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Injustice League

social mediaIf you were to look through either my Twitter feed or my Facebook friends’ activity, the first thing you’d notice would probably be the large presence of the disability community. If you took some time to read what was being shared, you might come to the conclusion that God, we love to complain, and most of all, we love to rail against the injustices visited upon our unique community.

If you came to that conclusion, you’d be just about dead wrong.

I think part of that perception is probably our own fault. It’s hard to to feel like we stand apart. The holidays in particular can be a weird time for us, because while typical parents might talk about their kids the rest of the year, it’s during the holidays that we hear the most. And what we hear is full of love, and irritation, and hope. It’s full of the stuff of life, and we love it, because it’s the stuff of our lives, too. But it can be a little bittersweet for us sometimes, only because we’re perhaps not always celebrating the same things.

It’s sweet to read about how happy they are that their kids are home from school for the holidays; some of us are happy when ours aren’t in the hospital at that time. They share their sweet and funny photos of children sitting in Santa’s lap; some parents in our world share personal defeats and sometimes triumphs when they manage to get their autistic child to even approach Santa without having an epic meltdown. Most families are hanging lights on the tree; some are watching technicians string EEG wires around their children’s heads. Your kid is going to a Christmas party this week; mine is having an MRI.

We watch those typical world celebrations, and we don’t resent them. We also don’t scoff at the very real moments of family awkwardness or seasonal melancholy that visit upon all families. We have those, too, and while some of them touch on our children’s disabilities and our families occasional inability to really understand, mostly we have the same garden variety family issues. Having a child in a wheelchair doesn’t negate your sister’s skeevy husband who’s trying to start his own business and just needs a little startup cash, and what’s wrong with you, don’t you want to help a member of the family? Sure, you’ve got a kid with a neurological disorder that the doctors haven’t even found a name for yet, but you’ve also got Uncle Carl, and you know he’s going to eventually start a fight about Obama, probably before the turkey is even carved but certainly not before the drinks have been made.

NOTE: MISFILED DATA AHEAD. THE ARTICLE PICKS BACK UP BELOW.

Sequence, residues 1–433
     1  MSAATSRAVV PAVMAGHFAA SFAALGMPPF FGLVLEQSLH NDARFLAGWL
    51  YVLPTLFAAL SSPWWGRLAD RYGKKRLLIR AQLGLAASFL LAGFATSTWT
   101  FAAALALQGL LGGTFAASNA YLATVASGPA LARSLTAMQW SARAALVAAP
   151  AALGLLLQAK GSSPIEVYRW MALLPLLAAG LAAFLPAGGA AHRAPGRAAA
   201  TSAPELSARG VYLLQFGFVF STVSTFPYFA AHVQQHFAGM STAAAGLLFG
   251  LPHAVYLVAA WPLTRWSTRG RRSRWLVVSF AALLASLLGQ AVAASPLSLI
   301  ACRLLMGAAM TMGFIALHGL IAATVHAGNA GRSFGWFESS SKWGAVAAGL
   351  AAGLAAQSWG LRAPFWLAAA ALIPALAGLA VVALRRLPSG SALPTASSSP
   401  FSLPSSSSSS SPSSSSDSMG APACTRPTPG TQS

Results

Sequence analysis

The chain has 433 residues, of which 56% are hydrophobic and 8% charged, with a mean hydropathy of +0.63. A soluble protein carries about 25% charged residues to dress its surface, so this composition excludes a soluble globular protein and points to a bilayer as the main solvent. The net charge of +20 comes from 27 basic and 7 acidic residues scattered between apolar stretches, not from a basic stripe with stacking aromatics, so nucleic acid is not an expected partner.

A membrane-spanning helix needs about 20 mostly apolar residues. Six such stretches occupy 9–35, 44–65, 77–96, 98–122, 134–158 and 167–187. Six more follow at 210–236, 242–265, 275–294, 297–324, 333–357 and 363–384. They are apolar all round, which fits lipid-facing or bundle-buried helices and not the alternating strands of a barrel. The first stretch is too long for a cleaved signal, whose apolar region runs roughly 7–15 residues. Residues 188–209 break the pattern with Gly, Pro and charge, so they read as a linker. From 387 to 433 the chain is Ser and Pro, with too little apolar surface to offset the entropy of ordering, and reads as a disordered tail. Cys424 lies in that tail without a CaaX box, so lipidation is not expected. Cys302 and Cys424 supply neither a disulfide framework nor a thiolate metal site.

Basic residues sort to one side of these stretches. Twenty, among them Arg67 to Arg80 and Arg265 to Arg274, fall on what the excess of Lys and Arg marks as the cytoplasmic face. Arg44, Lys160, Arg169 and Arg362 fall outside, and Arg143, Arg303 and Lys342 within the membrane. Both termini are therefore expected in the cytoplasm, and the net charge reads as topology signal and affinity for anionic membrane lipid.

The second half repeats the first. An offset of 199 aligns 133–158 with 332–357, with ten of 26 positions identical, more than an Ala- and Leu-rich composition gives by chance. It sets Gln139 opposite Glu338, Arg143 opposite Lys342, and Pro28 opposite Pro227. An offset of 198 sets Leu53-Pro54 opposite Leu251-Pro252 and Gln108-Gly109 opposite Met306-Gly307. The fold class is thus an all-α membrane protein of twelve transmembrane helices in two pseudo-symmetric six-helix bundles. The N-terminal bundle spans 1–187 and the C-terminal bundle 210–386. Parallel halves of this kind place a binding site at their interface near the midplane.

We’re in their world. But we’re in ours, too.

When they go to our Facebook pages or our Twitter feeds, they’ll see our linked stories of some family somewhere that has been visited not just by the random disabling forces of the universe but also by an uncaring school or an ignorant policeman or a monolithic hospital or a community that would rather they just not exist, if that’s okay. They will read those stories on our pages because it’s important to us that they see this part of our world. We know that lightning can strike any family, that random Hard Things visit us all, but for us, we’ve already been visited, and we’ve noticed that lightning does in fact strike some innocent targets again and again. We post the links to our world’s tales of unfairness, not because they are unbelievable, but because they might only be unbelievable to the typical world.

We share the outrageous stories of our community so that maybe, just maybe, we can stop them.

As I look through my own Twitter feed and through the status updates of my Facebook connections, I confess that sometimes I just want to tell everyone to stop. Sometimes I think I want them to stop looking so hard for something to be upset about. I think the thing I want to tell them is that not every slight is worthy of the shaking fist, not every careless utterance or artless phrase is an attempt to keep someone down. I want to believe that we are all awkward people, and sometimes we break the things we love because we don’t know better, and perhaps the outrage is too quick to fire.

But I know the truth. What I truly want is for my friends to run out of hurts, to have no stories of our community being treated poorly. I want someone to say “I looked up #retard on Twitter, and nothing came up.” I want to hear about the organ transplants being granted to patients with intellectual disabilities. I want to hear about how the kids on the bus were kind and the popular middle school girls gave the shy little nonverbal girl at the back of the room a makeover after school and taught her to dance to One Direction. I want to read about kids who are different writing poetry, not suicide notes. I want to read about the community that decided to invest in special education programs, and about the politicians who reach across that aisle to extend basic human rights to the disabled, rather than taking away their “entitlements”.

I don’t want to read the indignant stories anymore. I don’t want to write about it anymore.

But I will. We will. Because the indignation only stops when people stop caring about the indignity, or when they care too much to let it go on.

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